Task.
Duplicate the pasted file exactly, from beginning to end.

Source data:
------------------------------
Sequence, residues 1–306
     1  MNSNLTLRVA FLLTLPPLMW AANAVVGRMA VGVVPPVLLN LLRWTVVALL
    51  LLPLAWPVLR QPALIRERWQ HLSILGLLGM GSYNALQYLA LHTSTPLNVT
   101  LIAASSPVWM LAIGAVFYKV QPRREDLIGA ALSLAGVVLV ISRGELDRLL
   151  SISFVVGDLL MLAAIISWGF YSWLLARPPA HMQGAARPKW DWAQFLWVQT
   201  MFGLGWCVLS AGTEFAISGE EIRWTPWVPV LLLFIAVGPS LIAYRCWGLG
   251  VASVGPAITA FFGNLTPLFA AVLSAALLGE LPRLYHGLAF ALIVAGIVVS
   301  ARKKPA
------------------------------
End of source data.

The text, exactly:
Sequence, residues 1–306
     1  MNSNLTLRVA FLLTLPPLMW AANAVVGRMA VGVVPPVLLN LLRWTVVALL
    51  LLPLAWPVLR QPALIRERWQ HLSILGLLGM GSYNALQYLA LHTSTPLNVT
   101  LIAASSPVWM LAIGAVFYKV QPRREDLIGA ALSLAGVVLV ISRGELDRLL
   151  SISFVVGDLL MLAAIISWGF YSWLLARPPA HMQGAARPKW DWAQFLWVQT
   201  MFGLGWCVLS AGTEFAISGE EIRWTPWVPV LLLFIAVGPS LIAYRCWGLG
   251  VASVGPAITA FFGNLTPLFA AVLSAALLGE LPRLYHGLAF ALIVAGIVVS
   301  ARKKPA